Assess your speed. You can't know where you are going unless you know where you've been. To measure your speed, you can time your runs. Progress means that you will either run a longer distance in the same amount of time, or going the same distance in less time.
Stretching increases your flexibility and increases blood flow to the muscles. As your muscles become more flexible, your range of motion increases. Your body becomes more efficient in doing its work. For example, as you stretch your quadriceps and they become more flexible and your strides become wider. You can go a farther distance with the same amount of effort, consequently improving your speed. Choose either static stretching, like the stretches you remember from gym class, or participate in active stretching like yoga or tai chi.
Measure your flexibility. If you bend over and can't touch the floor, you have a benchmark for your flexibility. You can also take a sit and reach test, the flexibility test used in the Presidential Fitness Assessment that you took in eighth grade gym class. After performing a series of static stretches, sit on the floor with your legs in a v-shape. Place a yardstick on the floor between your legs. Lean forward, measuring how far your hands reach on the yardstick.
Stretch after your workout. After your workout, stretch the muscles you use when running including hamstrings, quadriceps and calf muscles. A 2010 study in the "Journal of Bone and Joint Surgery" shows that regular stretching relieves the heel pain associated with plantar fasciitis. A seated forward fold is a common stretch used for the hamstrings, calves and lower back. Your neck and back can also get tense while running, so don't forget to stretch your shoulders. Hold each pose for 10 to 30 seconds for the best results.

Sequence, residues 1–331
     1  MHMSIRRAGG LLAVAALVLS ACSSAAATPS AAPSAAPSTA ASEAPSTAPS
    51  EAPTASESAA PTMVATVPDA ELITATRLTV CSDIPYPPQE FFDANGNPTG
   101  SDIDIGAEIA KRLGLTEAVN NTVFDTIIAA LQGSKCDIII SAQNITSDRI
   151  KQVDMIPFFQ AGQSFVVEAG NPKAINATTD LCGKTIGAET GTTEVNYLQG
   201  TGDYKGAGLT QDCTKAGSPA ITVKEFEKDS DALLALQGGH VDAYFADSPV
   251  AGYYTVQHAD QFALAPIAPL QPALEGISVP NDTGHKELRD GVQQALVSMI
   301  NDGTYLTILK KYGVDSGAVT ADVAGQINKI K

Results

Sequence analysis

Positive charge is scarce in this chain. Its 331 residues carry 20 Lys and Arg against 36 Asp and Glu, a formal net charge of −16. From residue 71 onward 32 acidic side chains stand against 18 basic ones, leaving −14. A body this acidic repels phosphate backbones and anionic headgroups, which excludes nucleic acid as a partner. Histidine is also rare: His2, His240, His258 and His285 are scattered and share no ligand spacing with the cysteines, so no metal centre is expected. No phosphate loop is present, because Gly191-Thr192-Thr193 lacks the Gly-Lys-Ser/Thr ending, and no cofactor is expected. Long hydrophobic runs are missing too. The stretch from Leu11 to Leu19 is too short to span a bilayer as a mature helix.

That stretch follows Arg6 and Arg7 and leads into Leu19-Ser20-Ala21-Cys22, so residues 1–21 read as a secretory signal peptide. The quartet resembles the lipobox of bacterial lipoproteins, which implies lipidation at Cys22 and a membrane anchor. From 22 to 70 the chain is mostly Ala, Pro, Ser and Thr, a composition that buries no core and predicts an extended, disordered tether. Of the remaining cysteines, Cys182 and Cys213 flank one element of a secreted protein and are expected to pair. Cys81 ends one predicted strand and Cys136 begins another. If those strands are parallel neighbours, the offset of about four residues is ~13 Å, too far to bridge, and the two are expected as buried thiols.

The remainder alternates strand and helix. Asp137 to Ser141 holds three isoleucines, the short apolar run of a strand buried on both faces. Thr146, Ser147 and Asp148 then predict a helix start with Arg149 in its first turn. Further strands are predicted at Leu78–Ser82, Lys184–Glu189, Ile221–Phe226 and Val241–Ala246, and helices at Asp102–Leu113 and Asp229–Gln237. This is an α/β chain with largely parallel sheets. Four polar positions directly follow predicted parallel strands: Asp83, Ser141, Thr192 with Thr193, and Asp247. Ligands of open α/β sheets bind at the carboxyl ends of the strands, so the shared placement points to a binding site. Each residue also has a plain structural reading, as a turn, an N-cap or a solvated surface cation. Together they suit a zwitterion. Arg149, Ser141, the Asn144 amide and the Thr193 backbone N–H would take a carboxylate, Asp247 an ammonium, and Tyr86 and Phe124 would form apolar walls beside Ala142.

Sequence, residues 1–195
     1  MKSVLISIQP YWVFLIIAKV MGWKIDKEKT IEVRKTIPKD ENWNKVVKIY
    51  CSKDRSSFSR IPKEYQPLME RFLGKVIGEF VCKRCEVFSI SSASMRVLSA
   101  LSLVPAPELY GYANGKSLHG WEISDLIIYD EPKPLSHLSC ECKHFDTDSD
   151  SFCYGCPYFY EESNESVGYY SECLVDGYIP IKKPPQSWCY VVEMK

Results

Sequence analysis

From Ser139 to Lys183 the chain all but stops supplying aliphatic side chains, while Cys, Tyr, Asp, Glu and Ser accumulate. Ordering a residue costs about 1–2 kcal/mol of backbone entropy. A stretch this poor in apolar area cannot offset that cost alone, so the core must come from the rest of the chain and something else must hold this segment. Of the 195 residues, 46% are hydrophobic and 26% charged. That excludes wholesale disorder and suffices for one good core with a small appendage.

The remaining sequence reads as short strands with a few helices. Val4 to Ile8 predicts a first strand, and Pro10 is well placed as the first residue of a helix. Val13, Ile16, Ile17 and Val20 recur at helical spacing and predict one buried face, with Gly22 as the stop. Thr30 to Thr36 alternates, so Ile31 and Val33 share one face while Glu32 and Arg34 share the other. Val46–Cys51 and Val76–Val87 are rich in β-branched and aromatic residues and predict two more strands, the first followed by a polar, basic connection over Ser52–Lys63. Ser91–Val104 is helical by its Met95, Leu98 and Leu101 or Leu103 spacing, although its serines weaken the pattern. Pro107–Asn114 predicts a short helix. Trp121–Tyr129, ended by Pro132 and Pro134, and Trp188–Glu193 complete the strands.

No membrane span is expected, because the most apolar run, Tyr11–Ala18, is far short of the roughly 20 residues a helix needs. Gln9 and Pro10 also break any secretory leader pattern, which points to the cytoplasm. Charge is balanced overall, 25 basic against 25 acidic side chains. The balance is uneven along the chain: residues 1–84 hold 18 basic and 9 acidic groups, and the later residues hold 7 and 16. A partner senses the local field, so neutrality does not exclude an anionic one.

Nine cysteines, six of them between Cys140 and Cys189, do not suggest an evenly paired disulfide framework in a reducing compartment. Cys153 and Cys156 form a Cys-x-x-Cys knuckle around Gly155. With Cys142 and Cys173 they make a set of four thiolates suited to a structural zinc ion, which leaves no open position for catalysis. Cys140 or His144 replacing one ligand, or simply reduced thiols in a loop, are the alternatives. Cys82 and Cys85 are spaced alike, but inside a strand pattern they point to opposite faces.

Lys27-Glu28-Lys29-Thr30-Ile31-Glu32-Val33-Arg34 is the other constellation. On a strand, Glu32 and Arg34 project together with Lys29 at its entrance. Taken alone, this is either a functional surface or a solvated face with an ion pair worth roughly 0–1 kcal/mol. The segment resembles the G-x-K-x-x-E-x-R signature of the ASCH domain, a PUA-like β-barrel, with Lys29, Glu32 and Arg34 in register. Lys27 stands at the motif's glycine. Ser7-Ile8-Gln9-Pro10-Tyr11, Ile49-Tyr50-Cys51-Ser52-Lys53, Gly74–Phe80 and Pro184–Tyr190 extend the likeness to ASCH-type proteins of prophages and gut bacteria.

Take a class. Yoga is a form of exercise that includes stretching and increases flexibility. Instead of choosing a power class that focuses on getting your heart rate up, choose a yoga class that focuses on stretching. Classes with names like "Deep Stretch" or "Long, Slow, Deep" are names of the types of classes you are looking for. Yoga poses like "Legs Up the Wall" reverse the direction of blood flow, bringing relief to the legs, while stretching the hamstrings. Tai chi is a form of martial arts where you move slowly, stretching your muscles at the same time.
Track and measure your progress. Keep a record of your running speed, as well as score on the sit-and-reach test. You can use a basic notebook, a computer spreadsheet or a fitness phone application to record your results.
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